We’re booked for a massage at the Spa Diane Barrière on the ground floor. There are a sauna and steam room here, as well as fitness sessions, massages, beauty, and hair and scalp treatments. The outdoor pool looks inviting but the weather is too chilly. However lovers of le freeze will enjoy the cryotherapy chamber here – used by professional sportspeople to aid muscular and joint recovery, cryotherapy is now more widely used for its numerous benefits. Apparently, you sit in a freezing cold room, enveloped by a hydrogen mist. Results include reduced muscular and joint pain, increased energy levels and accelerated metabolic rates. Perhaps on another visit…
Enjoying drinks in the cool refinement of The Green Bar before supper, I love the clubby Tartan theme which is welcoming and sophisticated. My first taste of Calvados (the range is mind boggling) with great views of the golf course beyond the 180-degree panoramic terrace. Our evening meal at the hotel’s Restaurant Le Lassay is superb: Helmed by Chef Tommy George, his creative output includes regional meats and local fish served alongside locally grown vegetables. A cavernous dining area somehow manages to be intimate and also has vistas of the golf course. We indulged in a succulent seafood plate starter, followed by sea bass and French crepe stuffed with caramelised apples. Normandy is the home to Calvados, cider and all things apple.
As you’d expect, golf is the main attraction at Hôtel Barrière l’Hôtel du Golf. A 27-hole playground among 70 hectares of magnificent landscaping. Opened in 1929 on the heights of Mont-Canisy a few minutes from the town centre, the course is renowned as one of the most beautiful in France. Architects Tom Simpson and Henry Cotton designed three 9-hole courses (the red course, white course and blue course), giving players of all abilities a shot at the birdy. Sessions and lessons can be booked online and there’s a pro shop.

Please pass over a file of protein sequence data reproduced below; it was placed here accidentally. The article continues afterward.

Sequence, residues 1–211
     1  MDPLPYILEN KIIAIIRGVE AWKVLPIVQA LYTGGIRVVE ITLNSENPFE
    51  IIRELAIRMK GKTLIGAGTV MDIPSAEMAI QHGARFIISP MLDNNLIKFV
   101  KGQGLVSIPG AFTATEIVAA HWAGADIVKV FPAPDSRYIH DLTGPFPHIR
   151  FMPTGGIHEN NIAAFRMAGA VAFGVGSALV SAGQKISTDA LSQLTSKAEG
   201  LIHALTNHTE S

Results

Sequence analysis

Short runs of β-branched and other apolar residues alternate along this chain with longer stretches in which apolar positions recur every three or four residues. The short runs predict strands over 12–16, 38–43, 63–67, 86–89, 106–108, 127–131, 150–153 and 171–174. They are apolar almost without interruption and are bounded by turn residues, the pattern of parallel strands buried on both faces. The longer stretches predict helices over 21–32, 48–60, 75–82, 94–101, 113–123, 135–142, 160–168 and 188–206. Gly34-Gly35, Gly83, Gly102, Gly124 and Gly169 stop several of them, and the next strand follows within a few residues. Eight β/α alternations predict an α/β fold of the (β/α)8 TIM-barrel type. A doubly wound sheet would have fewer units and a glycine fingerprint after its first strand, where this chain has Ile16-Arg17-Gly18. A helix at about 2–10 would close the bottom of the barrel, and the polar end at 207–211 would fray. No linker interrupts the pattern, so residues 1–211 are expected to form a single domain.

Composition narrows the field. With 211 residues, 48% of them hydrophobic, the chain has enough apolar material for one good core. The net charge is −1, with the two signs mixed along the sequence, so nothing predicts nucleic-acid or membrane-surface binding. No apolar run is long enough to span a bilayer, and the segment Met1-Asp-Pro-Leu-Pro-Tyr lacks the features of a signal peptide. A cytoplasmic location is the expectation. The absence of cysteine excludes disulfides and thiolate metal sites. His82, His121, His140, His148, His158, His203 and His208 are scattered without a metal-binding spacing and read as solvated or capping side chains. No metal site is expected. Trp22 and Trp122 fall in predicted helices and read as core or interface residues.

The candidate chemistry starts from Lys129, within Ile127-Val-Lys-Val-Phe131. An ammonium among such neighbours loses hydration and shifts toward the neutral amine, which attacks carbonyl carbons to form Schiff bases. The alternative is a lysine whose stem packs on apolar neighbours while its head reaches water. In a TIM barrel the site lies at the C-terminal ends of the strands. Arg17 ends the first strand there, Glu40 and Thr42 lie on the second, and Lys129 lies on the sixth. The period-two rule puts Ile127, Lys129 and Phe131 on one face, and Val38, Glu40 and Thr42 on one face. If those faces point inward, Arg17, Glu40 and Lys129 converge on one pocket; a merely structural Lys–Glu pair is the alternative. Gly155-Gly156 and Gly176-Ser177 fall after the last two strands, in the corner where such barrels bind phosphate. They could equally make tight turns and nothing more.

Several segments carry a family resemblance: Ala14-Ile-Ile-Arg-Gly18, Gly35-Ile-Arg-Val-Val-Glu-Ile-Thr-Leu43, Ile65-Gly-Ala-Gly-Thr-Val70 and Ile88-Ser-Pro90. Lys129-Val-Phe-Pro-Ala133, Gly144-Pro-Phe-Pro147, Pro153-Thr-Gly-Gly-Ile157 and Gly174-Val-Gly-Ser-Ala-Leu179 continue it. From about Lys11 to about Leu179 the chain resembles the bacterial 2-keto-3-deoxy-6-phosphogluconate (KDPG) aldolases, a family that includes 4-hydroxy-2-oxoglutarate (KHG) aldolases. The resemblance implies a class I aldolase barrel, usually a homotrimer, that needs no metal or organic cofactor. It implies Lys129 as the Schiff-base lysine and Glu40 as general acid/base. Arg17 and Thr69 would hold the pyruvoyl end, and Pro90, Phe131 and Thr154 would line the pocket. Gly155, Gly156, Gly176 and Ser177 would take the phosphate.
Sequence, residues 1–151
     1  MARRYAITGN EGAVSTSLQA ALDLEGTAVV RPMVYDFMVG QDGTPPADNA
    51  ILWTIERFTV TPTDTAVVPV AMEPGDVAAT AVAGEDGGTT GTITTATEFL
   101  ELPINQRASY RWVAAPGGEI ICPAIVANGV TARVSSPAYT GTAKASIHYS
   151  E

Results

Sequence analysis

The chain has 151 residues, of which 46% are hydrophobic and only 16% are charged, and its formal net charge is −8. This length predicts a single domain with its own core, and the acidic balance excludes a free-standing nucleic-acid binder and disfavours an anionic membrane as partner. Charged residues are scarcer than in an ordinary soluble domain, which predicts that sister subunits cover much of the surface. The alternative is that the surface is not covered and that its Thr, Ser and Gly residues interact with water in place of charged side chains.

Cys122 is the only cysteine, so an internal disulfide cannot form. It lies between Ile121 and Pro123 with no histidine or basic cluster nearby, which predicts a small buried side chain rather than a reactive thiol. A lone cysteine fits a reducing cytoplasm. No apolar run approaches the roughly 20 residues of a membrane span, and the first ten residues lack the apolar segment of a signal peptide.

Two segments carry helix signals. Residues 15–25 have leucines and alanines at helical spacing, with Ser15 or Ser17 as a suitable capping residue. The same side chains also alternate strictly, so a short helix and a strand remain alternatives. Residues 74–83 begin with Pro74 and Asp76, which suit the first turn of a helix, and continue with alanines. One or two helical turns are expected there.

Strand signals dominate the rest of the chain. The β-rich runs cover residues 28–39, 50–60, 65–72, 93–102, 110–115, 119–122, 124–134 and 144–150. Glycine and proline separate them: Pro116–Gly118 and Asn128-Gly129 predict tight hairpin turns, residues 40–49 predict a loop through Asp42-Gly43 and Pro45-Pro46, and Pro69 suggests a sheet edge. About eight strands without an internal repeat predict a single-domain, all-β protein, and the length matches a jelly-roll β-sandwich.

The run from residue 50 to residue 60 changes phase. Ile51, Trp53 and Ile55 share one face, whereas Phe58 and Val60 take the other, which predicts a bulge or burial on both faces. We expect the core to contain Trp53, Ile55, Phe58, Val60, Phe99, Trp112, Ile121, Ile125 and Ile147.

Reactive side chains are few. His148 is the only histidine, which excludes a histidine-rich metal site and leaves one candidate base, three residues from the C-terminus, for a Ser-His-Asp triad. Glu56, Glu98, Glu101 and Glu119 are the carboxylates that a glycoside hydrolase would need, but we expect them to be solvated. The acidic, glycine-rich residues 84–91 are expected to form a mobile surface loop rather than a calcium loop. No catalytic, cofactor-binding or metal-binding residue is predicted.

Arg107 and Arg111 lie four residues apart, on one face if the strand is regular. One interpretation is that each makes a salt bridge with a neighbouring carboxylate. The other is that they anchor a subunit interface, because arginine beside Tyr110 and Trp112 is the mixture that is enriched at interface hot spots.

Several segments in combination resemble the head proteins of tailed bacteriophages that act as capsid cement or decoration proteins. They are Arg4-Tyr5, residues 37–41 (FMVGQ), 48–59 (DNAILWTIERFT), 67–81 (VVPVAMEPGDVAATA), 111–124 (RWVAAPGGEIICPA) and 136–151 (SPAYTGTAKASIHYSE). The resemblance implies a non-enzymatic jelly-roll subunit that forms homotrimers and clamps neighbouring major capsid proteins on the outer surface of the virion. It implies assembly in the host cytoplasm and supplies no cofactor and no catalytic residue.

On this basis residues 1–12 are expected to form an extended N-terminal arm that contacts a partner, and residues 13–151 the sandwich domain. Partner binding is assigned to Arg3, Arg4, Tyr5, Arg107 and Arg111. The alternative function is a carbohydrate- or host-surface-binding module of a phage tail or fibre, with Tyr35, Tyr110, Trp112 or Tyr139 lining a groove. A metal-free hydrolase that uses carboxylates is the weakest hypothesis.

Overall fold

Our golf lesson began early the next morning with the female resident golf pro who somehow coaxes nascent Tiger Woods out of us. The pros make it look so easy. It takes me nearly 10 attempts before my club actually hits the ball. But what a feeling when metal makes contact and I watch my white orb ascend in the air towards the 100m mark. Result!
Best Deauville restaurants
Drop in for a bite to eat or drink at the Golf Clubhouse and restaurant. Or head into town and the boardwalk delights of La Folie Douce Barrière. For a grander evening and special celebrations, the Belle Epoque charm of the Côté Royal at the Hotel Royal Deauville is a must. Crystal chandeliers and decadent fabrics are the backdrops for Chef Eric Provost’s gourmet cuisine.
We had a truly exquisite lunch at Le Ciro’s – the only restaurant on the Planches boardwalk that’s open in the evenings. Service was superb. Our lunch of an extraordinary seafood platter for starters (big enough for a main meal) followed by a fabulous Royal Bouillabaisse (sea bass, salmon, red mullet, cod, lobster and langoustine, saffron potatoes, rouille and garlic croutons) was outstanding. As was the Sancerre wine to accompany. The finale a divine apple tart with decadent Calvados on the side.
A walk along the 634m boardwalk is essential after such a feast…windswept and beguiling in its winter costume, both the Planche and beach are almost empty. Built in 1923, the boardwalk is a Deauville icon and the scene of many film festival photoshoots. The beach cabins are even named after famous actors and directors. I imagine the crowds here in spring and summer create an altogether different vista.
Should you tire of the sea and beach, Deauville has many attractions for visitors. Golf reigns supreme with nine courses in or near the city. Add to the mix La Touques and Clairefontaine racetracks, a vibrant yachting community, polo fields and an abundance of tennis courts and there’s much for outdoors lovers. Culturally the city has regular festivals and exhibitions. And shopping is a popular distraction. Many luxury labels have stores along the rue Eugène-Colas and around Place Mornay and Place du Casino. Coco Chanel opened her first shop in Deauville in 1913 when she moved to the city to be with her lover, Boy Capel. Clearly, she was sartorially inspired by the clothing she saw on the racecourses, beach and golf courses.